By Alyce Wilson
February 12, 2007 - Auto Show
The Gryphon and I behind the wheel
Dad came up this past weekend, so we could celebrate a belated birthday with him. The Gryphon had suggested that we take him to the Philadelphia Auto Show, and it was a good choice, because Dad really liked it.
He came up Friday night and arrived around 5 p.m. The Gryphon had made some dinner so I just had to warm it up: whole wheat pasta and eggplant parmesan. We also enjoyed some beer from a local beer pub, the Iron Hill Brewery and relaxed a little before I started my evening work.
The next morning, we all got up at around 8 a.m., and The Gryphon made us French toast before we headed into the city. The Gryphon had bought tickets for the R3 train, so we drove down to the station and caught that into the city. We figured it would be a relaxing way to travel, and we wouldn't have to worry about parking.
The auto show is much bigger than the flower show ever is. It took up much more hall space, for one thing. Throughout the course of the day, we managed to see most of it.
Most of the cars were newer vehicles. A really cool aspect of the show was that you got to sit in them, which is not something you normally get to do. We saw a lot of people taking pictures of each other in the expensive cars.
Dad takes a cruise
The Gryphon in a VW
Alyce in a convertible
I took a lot more pictures at the car show, which I'll share later in the week.
By around 1:30 p.m., I was getting pretty worn out and hungry, so I suggested lunch. We headed over to the Reading Terminal Market across the street to get something to eat. I was going to get sushi, but they were really slow about serving people there, and I moved on to another stand where I ordered a vegetarian sandwich on a whole wheat bun.
It took some doing, but we finally managed to find a table where we could sit and eat. We were near where a piano player was entertaining. When we were done we went up and gave him a tip. I told him that hearing him play reminded me I don't currently have a piano. He offered to let me sit down and play something, but I told him I'm strictly a sheet music gal. I need my crutch. He told me he's the opposite: he doesn't even read music!
We headed back to the car show to see what we'd missed. At about 3:30, we took a break and sat down in the main hallway, watching people as they walked by. I was amusing myself by watching how people walked and deciding what part of their body they were leading with, like the exercise we did in improv class. Some people were clearly leading with their feet, their chest, their head or their shoulders. There was a rich cross-section of ages, classes and ethnic backgrounds.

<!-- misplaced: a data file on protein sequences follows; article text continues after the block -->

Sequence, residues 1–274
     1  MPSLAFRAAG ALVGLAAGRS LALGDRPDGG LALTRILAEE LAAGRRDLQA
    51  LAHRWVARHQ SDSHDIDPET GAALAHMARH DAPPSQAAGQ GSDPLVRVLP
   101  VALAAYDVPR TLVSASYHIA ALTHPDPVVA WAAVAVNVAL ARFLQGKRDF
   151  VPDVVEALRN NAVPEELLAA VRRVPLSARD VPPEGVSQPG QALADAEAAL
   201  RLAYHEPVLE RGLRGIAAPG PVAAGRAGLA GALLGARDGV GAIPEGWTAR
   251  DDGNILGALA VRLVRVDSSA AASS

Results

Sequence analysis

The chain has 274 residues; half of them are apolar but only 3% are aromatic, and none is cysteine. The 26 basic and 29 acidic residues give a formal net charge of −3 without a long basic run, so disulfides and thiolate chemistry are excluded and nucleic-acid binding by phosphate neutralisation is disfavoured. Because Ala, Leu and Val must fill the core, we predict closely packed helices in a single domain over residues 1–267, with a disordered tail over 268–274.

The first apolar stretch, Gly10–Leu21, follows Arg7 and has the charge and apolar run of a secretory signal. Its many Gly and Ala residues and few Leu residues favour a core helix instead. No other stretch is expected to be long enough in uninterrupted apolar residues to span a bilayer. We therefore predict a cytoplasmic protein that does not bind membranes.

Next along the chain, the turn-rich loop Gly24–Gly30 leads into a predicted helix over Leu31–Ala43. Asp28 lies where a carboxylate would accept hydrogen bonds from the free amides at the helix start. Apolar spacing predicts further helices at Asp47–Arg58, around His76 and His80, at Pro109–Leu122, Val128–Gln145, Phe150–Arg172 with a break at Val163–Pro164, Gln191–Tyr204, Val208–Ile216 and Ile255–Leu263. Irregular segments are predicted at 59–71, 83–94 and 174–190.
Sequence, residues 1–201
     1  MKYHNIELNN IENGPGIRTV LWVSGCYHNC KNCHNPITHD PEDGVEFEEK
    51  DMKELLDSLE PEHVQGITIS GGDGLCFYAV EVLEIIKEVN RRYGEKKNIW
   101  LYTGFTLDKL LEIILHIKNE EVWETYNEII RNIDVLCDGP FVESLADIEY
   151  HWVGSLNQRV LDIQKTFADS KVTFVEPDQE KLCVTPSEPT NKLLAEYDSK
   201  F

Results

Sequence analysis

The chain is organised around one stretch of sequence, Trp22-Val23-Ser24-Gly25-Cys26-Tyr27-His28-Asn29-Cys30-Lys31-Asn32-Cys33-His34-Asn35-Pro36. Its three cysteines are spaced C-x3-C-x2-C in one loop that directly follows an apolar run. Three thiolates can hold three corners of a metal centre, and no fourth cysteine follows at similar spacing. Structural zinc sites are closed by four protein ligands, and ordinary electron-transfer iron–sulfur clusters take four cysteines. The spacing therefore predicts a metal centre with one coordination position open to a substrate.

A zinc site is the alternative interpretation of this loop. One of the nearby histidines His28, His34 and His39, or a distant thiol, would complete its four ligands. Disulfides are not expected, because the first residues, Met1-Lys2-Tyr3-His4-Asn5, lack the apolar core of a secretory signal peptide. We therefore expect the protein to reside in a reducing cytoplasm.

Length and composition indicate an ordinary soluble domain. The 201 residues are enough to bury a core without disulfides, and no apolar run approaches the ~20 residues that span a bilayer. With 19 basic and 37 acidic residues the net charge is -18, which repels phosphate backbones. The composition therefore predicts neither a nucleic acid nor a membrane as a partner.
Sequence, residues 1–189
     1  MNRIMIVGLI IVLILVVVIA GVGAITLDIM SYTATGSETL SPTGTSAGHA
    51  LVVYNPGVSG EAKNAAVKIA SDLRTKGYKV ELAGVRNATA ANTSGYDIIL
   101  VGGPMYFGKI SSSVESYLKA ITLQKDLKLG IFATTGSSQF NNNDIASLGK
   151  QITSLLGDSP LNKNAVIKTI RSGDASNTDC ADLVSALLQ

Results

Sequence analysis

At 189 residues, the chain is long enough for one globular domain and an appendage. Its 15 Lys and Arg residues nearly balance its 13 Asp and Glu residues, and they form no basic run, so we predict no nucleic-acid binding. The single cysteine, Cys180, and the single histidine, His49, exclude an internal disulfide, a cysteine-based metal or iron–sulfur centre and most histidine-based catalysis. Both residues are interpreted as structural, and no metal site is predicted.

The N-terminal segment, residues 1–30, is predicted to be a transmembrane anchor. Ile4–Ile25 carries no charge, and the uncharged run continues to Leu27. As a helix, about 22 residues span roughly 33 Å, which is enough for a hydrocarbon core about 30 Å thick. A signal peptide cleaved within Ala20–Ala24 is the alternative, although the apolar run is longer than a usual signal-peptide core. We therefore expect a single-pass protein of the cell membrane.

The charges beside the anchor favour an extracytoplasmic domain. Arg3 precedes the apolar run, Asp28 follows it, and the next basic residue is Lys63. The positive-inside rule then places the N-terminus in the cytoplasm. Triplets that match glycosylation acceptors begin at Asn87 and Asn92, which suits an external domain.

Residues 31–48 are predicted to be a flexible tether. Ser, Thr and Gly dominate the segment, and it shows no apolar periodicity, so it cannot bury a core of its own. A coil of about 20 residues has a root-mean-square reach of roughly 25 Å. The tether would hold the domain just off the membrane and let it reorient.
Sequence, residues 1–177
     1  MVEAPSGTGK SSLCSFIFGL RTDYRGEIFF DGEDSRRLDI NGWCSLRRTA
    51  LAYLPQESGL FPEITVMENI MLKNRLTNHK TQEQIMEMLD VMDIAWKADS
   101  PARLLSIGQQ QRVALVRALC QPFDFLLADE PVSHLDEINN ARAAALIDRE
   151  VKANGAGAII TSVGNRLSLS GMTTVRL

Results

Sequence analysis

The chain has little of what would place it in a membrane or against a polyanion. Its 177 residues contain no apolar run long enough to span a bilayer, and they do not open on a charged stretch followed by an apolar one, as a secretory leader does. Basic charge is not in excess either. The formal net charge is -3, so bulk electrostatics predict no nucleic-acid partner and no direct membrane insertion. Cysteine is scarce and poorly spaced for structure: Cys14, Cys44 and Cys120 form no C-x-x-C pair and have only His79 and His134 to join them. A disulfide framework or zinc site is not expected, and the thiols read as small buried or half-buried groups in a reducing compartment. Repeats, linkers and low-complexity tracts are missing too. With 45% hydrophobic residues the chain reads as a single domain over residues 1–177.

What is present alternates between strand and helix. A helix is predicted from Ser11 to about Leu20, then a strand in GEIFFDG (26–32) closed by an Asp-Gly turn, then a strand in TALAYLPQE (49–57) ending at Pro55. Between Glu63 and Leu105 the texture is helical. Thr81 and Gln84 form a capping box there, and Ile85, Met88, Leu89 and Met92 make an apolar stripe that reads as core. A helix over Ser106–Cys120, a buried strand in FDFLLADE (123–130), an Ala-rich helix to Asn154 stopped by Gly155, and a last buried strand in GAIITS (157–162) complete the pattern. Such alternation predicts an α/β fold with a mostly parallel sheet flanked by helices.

Afterwards, we returned to the show and viewed the sections we hadn't seen before, including a car cut into sections so you could see all its interior features.
We had a little time to kill before our reservations at Karma, a really good Indian restaurant in Old City, so we caught a cab to 4th and Chestnut and got some coffee at Cosi. We even got a seat on one of the couches.
Close to 6 p.m., our reservation time, we walked the two or three blocks to the restaurant. When we arrived, it wasn't terribly crowded, but it filled up as we ate. We each ordered separate dishes and then shared them, family style, which was great. There was still plenty left to box up and take with us.
Not quite ready to call it a night, we caught another cab and headed for Tria, a wine and cheese place in Center City. But they had a 45-minute wait, so we walked to the Continental instead, where we waited at the bar for a table. Dad enjoyed the atmosphere, which is retro '60s, and especially the fun drinks. We'd meant to take him there before but arrived before they were serving dinner.
When they seated us at a table and we told the server we only wanted dessert, she informed us that the tables are really reserved for people eating meals. Normally, they seat people who want desserts only in the lounge area. We told her we'd be sure to do that next time but that nobody had told us before. Later, she was very apologetic, worrying that she'd been too harsh. I told her it was fine, and we gave her a good tip.
We had a good time, enjoying the good food, fun drinks, and interesting atmosphere. Then we headed for Suburban Station to catch the R3 back home.
In the train, we were joking around until The Gryphon realized no one was announcing the stops. From the time that had elapsed, I knew it wasn't time to get out yet but it wouldn't be long, so I put my face up against the class and shielded my eyes to catch a glimpse of the sign at the next station. I could barely read it in the darkness, but it appeared to be the stop right before ours. I made Dad and The Gryphon head for the exit, in the next car.
Sure enough, the ticket taker was standing there, and that's the only place she was announcing the stops. The next stop was, indeed, ours.
We finished off the day by watching My Super Ex-Girlfriend, which is a really fun comedy. I thought it worked really well; better than I expected. They had some great comic talent in it, and a few plot twists I didn't see coming, as well.
Sunday morning, we slept in until about 9:30. Dad wanted to get on road fairly early, so The Gryphon and I threw on some clothes, and we got diner at the local diner before seeing Dad off. It took him a little longer to get home than he'd anticipated, because he'd left his cell phone charger behind. I called his cell phone to let him know, and he doubled back and retrieved it.
Overall, I think he had a great time, and it was a good way to celebrate his birthday.
2006 by Alyce Wilson